HANOI (Reuters) - Vietnam will stop issuing new licenses for the import of waste and crack down on illegal shipments as thousands of containers of paper, plastic and metal scrap build up at the country’s ports, raising concerns about the environment.
Waste imports into Vietnam and other Southeast Asian countries have risen significantly since the Chinese government banned the entry of several types of solid wastes from the beginning of this year, according to Vietnam’s Ministry of Natural Resources and Environment.
The authorities need to “prevent waste from entering Vietnam to keep the country from becoming a dumping site, affecting the environment and people’s lives,” the government said in a statement late on Wednesday.
The surge in waste imports has caused congestion at several Vietnam ports, with around 6,000 containers now sitting at entry points that need to be handled, the ministry said in a statement earlier this week. The ministry did not say how much waste Vietnam has imported this year.
Waste-processing is a supplemental source of raw materials for Vietnam’s paper, plastic and steel industries.
“The demand for paper and plastic scraps as materials for production does exist, but this benefits only the processors, not the environment,” according to the government statement.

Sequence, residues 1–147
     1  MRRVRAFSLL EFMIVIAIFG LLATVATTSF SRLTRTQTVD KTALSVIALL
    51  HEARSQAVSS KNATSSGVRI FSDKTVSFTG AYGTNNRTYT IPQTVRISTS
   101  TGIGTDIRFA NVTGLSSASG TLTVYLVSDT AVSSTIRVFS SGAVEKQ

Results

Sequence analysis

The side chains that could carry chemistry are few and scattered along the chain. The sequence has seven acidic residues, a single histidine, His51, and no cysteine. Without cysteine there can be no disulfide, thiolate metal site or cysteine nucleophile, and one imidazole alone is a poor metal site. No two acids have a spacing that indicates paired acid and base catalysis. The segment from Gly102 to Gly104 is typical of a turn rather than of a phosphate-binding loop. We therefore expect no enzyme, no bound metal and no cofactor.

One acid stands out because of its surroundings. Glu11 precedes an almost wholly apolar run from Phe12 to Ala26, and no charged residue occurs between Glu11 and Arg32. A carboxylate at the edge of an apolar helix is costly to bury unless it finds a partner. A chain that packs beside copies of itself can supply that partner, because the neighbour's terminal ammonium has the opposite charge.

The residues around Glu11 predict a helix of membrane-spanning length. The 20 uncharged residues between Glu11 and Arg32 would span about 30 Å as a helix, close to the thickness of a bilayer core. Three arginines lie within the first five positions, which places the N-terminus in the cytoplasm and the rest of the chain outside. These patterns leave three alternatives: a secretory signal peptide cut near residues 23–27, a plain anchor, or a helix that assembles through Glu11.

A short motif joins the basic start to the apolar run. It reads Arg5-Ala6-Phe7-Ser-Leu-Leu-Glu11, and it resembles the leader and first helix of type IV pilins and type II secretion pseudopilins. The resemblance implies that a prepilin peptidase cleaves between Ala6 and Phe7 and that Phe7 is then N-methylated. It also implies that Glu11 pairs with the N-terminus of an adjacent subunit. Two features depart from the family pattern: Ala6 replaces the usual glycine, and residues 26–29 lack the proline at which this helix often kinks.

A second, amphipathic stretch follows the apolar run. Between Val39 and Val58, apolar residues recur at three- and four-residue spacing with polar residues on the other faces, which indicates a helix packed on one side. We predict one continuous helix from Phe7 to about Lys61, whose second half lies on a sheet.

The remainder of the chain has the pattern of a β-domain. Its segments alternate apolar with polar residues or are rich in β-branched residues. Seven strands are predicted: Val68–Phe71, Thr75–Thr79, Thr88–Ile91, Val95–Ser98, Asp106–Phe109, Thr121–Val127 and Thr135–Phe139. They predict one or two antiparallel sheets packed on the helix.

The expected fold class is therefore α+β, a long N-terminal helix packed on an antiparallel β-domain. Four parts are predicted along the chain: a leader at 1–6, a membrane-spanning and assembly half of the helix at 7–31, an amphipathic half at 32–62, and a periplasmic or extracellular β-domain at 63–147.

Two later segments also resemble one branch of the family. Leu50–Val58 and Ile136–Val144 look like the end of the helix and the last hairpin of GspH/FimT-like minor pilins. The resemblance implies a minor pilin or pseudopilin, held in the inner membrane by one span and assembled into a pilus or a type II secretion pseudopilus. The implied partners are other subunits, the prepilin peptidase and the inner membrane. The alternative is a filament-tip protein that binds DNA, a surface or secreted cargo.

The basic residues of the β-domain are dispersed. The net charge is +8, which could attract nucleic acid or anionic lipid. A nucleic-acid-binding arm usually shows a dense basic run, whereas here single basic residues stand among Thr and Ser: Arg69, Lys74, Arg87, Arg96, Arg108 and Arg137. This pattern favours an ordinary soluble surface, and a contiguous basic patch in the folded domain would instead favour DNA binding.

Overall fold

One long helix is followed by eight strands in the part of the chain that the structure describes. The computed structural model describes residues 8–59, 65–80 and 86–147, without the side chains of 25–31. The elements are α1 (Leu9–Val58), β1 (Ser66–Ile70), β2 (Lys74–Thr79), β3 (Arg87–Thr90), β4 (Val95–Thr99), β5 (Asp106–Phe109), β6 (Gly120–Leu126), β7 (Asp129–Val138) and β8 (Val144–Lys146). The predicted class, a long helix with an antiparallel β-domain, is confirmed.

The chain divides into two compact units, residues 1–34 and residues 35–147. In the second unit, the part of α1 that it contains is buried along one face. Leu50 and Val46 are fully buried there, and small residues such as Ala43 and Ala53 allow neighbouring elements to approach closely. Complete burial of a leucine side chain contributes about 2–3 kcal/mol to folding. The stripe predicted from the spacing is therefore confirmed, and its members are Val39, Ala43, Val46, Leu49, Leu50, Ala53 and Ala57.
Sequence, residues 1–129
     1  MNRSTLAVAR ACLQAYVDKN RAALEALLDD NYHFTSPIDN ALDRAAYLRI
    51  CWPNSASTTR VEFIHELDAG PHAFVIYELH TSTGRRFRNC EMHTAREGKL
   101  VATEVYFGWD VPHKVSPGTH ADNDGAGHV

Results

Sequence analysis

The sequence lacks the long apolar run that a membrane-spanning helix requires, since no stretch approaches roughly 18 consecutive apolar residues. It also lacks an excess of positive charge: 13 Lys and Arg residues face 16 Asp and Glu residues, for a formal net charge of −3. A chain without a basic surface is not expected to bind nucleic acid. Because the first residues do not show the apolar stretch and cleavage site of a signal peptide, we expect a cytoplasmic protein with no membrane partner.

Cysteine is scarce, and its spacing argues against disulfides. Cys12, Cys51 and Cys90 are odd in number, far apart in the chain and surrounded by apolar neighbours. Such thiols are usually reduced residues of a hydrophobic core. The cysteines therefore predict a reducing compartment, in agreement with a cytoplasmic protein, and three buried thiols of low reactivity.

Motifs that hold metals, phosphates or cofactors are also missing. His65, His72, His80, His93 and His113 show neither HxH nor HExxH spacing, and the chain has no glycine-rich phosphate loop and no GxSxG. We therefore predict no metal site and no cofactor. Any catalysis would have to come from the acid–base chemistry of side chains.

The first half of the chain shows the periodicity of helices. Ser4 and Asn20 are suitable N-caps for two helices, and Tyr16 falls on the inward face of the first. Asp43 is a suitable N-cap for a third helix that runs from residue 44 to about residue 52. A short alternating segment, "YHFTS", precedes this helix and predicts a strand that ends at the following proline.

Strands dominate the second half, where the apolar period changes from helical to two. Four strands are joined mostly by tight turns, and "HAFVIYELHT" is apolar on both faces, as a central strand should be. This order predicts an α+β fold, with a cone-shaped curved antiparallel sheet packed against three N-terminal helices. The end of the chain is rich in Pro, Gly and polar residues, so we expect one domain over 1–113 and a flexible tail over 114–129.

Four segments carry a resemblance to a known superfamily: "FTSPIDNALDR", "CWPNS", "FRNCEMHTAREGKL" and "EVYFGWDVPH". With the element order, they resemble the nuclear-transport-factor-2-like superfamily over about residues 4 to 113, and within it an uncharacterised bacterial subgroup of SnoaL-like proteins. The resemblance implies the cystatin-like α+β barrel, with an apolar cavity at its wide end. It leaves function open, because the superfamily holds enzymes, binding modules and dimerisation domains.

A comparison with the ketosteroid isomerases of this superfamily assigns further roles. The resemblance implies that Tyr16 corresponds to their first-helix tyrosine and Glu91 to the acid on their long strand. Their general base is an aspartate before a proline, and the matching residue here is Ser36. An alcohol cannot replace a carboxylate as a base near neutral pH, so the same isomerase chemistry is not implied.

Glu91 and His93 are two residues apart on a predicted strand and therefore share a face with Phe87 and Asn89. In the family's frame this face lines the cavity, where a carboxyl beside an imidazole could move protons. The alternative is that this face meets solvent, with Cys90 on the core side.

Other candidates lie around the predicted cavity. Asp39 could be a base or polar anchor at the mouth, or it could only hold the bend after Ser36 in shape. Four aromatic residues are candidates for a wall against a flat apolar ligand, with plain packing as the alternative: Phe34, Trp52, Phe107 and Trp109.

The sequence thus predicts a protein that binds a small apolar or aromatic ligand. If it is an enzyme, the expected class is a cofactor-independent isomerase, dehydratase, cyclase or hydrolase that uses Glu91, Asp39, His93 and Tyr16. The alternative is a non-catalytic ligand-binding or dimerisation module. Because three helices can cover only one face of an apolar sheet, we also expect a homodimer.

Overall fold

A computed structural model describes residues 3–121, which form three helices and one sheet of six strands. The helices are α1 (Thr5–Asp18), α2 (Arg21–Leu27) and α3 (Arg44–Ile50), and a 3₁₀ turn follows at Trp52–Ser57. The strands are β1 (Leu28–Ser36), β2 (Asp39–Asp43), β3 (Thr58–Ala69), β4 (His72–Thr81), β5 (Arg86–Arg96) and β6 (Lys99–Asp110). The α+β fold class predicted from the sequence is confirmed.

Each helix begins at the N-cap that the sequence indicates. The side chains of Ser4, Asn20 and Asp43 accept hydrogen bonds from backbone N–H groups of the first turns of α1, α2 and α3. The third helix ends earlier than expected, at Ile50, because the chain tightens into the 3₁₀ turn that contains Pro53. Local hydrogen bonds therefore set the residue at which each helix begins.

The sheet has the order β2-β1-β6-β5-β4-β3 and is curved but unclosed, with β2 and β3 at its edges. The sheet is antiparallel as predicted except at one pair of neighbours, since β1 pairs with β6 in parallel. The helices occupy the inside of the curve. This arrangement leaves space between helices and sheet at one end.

Malaysia’s government on Tuesday also revoked the import permits of 114 factories that process plastic waste, following local media reports of increased pollution in areas where the factories operated.
Malaysian Housing and Local Government Minister Zuraida Kamaruddin said the factories affected will have three months to bring their operations up to speed with international environmental standards before they can reapply for the permits, according to a report by national newswire Bernama.
Vietnamese Prime Minister Nguyen Xuan Phuc said in Wednesday’s government statement that Vietnam will track down the owners of the containers piling up at its ports and launch criminal investigations into any illegal imports or violations of environment law.
Pollution is a political risk for Communist-ruled Vietnam, where nationwide protests have been held to save trees and against a steel firm accused of polluting the sea.
One of Vietnam’s worst environmental disasters happened in 2016, when a steel plant being developed by Taiwan’s Formosa Plastics Corp contaminated coastal waters and unleashed an outpouring of anger throughout the country.
An editorial published on Monday in The People’s Daily, a mouthpiece of China’s Communist Party, said the nation’s ban on solid waste imports will have a “temporary impact” on countries that have waste recycling industries, but that it will eventually lead to better global standards in the long run.
The editorial said China’s ban will help improve the country’s environment and “promote the universal international principle that producers of waste should be responsible for the whole life cycle of that waste.”
Reporting by Khanh Vu, with additional reporting by Joseph Sipalan in KUALA LUMPUR and David Stanway in SHANGHAI; Editing by Tom Hogue